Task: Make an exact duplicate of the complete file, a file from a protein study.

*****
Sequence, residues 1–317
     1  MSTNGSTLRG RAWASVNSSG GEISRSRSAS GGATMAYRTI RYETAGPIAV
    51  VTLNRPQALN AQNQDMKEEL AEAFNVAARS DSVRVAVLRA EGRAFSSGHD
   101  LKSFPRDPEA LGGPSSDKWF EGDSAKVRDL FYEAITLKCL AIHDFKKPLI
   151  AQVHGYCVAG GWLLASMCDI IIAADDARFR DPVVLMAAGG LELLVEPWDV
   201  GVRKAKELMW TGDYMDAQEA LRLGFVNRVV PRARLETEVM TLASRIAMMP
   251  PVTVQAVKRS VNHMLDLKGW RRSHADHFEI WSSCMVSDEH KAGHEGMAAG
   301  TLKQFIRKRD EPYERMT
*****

Sequence, residues 1–317
     1  MSTNGSTLRG RAWASVNSSG GEISRSRSAS GGATMAYRTI RYETAGPIAV
    51  VTLNRPQALN AQNQDMKEEL AEAFNVAARS DSVRVAVLRA EGRAFSSGHD
   101  LKSFPRDPEA LGGPSSDKWF EGDSAKVRDL FYEAITLKCL AIHDFKKPLI
   151  AQVHGYCVAG GWLLASMCDI IIAADDARFR DPVVLMAAGG LELLVEPWDV
   201  GVRKAKELMW TGDYMDAQEA LRLGFVNRVV PRARLETEVM TLASRIAMMP
   251  PVTVQAVKRS VNHMLDLKGW RRSHADHFEI WSSCMVSDEH KAGHEGMAAG
   301  TLKQFIRKRD EPYERMT